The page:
Amid criticism that he is ignoring the needs of the poor, Rep. Paul Ryan (R-Wis.) defended his proposed budget's approach to relieving poverty as “consistent with how I understand my Catholic faith.”
Delivering an April 26 lecture at Georgetown University in Washington, D.C., Ryan discussed how his faith influenced the 2013 fiscal year budget proposal that he authored.
He said that his budget incorporates “the twin virtues of solidarity and subsidiarity – virtues that, when taken together, revitalize civil society instead of displacing it.”
The Congressman argued that poverty is best addressed by an approach that does not rely entirely upon the federal government but instead makes use of other social groups and associations as well.
He cautioned that “if you have too much government, you displace those civil mediating institutions which we call civil society – those charities, those churches, those civic groups, those ways we interact with each other in our communities.”
The budget plan was passed by the House of Representatives but has not been considered by the Democrat-controlled Senate.
However, it has been strongly criticized by those who believe that it does not provide enough money for social welfare programs.
In a letter sent shortly before Ryan’s appearance on campus, almost 90 of the over 2000 total members of the Georgetown faculty and administration chided the Congressman for his “continuing misuse of Catholic teaching.”
They accused him of promoting “a budget plan that decimates food programs for struggling families, radically weakens protections for the elderly and sick, and gives more tax breaks to the wealthiest few.”
“In short, your budget appears to reflect the values of your favorite philosopher, Ayn Rand, rather than the Gospel of Jesus Christ,” the signatories charged.
They argued that Ryan is misusing the principle of subsidiarity as “a free pass to dismantle government programs and abandon the poor to their own devices.”
Ryan has responded to similar charges in recent weeks, explaining that building a strong economy is the best way to help the poor and clarifying that he favors lowering taxes for everyone rather than just the wealthy.
In his April 26 talk, he also said that his suggestions for reforming welfare are not based on a desire to abandon the poor, but rather to fix a broken system that is “failing the very citizens who need help the most.”
“As we end welfare for those who don’t need it, we strengthen welfare programs for those who do,” he explained.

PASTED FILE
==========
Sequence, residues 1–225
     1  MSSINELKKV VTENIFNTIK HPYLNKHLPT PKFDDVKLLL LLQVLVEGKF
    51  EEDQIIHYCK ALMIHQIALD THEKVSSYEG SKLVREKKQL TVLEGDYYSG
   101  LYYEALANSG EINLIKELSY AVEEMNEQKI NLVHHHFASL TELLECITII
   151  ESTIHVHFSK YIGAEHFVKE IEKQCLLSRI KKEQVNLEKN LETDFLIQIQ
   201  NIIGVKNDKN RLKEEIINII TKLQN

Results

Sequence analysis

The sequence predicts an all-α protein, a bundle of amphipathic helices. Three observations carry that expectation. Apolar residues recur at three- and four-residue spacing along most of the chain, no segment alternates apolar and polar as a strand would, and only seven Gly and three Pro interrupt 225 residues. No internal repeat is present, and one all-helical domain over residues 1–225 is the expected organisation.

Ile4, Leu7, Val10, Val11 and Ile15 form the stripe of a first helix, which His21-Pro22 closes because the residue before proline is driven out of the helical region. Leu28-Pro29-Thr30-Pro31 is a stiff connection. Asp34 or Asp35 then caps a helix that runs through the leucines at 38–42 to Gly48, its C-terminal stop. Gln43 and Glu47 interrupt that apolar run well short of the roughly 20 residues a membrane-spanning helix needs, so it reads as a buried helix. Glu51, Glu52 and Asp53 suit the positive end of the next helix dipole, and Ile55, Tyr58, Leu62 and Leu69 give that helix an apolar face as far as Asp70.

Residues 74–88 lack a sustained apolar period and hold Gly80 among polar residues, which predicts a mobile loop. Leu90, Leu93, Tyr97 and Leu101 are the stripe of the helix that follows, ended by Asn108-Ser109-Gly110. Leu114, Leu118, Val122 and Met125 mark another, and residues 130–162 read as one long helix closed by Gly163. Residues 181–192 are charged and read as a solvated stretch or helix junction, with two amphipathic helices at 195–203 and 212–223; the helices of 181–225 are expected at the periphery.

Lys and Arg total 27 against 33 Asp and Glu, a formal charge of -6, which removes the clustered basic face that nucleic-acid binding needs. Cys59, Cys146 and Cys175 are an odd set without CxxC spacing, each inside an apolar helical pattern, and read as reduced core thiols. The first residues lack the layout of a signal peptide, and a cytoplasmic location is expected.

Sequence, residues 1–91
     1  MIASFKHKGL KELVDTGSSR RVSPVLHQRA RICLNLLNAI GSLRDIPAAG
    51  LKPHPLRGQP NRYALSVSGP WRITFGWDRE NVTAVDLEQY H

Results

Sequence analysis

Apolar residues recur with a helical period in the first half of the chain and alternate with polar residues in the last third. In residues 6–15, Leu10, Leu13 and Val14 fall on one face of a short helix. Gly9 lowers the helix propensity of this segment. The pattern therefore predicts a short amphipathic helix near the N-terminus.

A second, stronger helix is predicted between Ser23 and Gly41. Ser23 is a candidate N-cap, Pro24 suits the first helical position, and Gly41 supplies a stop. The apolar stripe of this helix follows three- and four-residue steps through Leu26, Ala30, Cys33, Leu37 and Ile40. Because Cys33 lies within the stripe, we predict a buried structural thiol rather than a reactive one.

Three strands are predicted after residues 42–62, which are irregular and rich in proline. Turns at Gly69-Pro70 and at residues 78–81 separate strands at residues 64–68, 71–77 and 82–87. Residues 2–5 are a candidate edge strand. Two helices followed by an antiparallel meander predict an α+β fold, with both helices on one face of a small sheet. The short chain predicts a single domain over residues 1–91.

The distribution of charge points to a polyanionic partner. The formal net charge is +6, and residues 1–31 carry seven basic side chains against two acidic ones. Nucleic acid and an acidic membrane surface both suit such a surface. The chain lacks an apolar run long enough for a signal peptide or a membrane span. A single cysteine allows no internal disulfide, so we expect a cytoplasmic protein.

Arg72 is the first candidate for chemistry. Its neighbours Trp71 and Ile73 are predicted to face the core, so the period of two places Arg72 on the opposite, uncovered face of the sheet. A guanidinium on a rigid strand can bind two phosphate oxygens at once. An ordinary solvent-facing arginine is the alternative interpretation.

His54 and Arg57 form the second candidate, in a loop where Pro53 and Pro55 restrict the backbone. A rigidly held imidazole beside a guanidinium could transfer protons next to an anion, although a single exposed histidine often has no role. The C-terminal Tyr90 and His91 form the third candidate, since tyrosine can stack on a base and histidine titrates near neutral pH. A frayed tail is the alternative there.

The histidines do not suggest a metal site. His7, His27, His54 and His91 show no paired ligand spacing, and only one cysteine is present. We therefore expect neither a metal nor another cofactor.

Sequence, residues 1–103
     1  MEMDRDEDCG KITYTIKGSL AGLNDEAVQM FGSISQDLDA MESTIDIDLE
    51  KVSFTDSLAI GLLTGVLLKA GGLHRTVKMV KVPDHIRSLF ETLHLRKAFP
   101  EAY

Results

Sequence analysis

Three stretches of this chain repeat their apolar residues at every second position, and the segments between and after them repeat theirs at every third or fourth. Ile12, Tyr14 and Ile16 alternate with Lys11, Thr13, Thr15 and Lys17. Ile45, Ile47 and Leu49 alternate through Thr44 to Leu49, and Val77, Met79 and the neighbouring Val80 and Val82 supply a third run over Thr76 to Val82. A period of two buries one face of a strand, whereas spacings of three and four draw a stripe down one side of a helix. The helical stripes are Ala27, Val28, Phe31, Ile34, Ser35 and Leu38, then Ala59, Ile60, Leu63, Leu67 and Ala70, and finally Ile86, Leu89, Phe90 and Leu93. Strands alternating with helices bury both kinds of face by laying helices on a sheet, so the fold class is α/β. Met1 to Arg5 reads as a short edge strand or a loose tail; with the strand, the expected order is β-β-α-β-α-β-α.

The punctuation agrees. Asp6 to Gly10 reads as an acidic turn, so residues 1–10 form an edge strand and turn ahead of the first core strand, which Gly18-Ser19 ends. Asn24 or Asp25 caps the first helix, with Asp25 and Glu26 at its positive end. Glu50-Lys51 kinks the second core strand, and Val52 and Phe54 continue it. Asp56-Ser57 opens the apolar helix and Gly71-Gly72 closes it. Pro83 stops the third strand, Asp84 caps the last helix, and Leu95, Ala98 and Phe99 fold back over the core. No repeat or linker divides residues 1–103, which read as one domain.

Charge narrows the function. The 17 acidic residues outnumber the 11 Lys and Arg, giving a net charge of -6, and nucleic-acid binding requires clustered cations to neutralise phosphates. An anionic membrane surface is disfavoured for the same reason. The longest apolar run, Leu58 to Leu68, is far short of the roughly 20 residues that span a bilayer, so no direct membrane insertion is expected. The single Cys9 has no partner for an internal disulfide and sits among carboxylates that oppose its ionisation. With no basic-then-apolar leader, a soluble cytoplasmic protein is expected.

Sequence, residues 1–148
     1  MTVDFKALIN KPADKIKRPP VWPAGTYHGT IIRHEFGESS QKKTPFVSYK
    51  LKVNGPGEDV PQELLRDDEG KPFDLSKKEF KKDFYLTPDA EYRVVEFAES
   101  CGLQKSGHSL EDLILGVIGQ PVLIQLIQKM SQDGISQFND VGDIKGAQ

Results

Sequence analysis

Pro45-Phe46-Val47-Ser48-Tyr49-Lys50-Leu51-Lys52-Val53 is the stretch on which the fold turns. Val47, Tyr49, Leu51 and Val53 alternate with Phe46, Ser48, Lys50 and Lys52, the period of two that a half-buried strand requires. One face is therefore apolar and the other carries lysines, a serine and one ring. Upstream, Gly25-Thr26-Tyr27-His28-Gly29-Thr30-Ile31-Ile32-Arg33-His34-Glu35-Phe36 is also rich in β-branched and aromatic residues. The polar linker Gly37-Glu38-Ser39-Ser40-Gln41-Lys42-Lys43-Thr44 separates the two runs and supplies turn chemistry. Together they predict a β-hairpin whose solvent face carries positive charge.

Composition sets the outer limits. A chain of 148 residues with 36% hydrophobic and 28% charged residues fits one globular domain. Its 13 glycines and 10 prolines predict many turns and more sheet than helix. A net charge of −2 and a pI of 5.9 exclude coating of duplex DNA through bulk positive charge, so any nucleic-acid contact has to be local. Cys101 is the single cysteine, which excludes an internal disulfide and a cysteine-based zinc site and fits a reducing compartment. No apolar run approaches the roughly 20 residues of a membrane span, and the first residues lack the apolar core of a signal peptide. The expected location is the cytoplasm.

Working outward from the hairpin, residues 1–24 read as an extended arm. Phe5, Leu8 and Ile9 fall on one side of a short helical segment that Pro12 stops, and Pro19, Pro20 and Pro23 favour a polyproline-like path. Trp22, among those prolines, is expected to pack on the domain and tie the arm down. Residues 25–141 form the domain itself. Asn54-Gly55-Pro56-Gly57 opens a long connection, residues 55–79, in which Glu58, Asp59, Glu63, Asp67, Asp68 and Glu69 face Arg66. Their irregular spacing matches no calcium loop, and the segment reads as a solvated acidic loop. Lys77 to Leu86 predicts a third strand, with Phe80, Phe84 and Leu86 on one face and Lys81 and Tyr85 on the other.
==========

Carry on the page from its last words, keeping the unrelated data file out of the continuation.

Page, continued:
Ryan said that he does his best to adhere to Catholic social doctrine in his role as a public office holder.
He explained that “there can be differences among faithful Catholics” on how to best apply Catholic principles to the problems facing the nation.
Today, the “defining challenge” facing America is “the exploding federal debt,” he said. How to best address this problem “is a question for prudential judgment, about which people of good will can differ.”
The impact of budget decisions on the poor and vulnerable was the subject of a recent series of letters from Bishop Stephen E. Blaire of Stockton, who heads the U.S. bishops’ domestic justice committee, to members of Congress. The bishop voiced concerns about certain elements of the proposed budget and urged consideration of its impact on the most needy.
Ryan acknowledged a pressing need to consider the poor, who “would be hurt the first and the worst” by a debt crisis. However, he added, “I do not believe that the preferential option for the poor means a preferential option for big government.”
He explained that heavy reliance on the federal government to provide for the poor is ineffective and actually ends up hurting those whom it aims to help.
For example, he said, the “government-centered approach to the war on poverty” has resulted in the highest poverty rates in a generation, with one in six Americans currently living in poverty.
The Congressman argued that the federal government is not the only way for people to work together to aid those in need.
Instead, he said, there is a need to “empower state and local governments, communities, and individuals – those closest to the problem.”
These other charitable and civic groups play an important role in aiding the needy in society, he said.
Ryan noted that his budget tries to implement the “twin pillars” of solidarity and subsidiarity, two important principles of Catholic social teaching.
He described solidarity as “the virtue that does not divide society into classes and groups but builds up the common good of all.”
Subsidiarity can be put into practice by relying upon “government and institutions closest to the people,” he added, explaining that this ensures real “human interaction.”
Rather than a distant federal bureaucrat providing aid, “it’s a human being that knows you, that knows your problems, that looks you in the eyes and sees the suffering that you’re experiencing,” he said.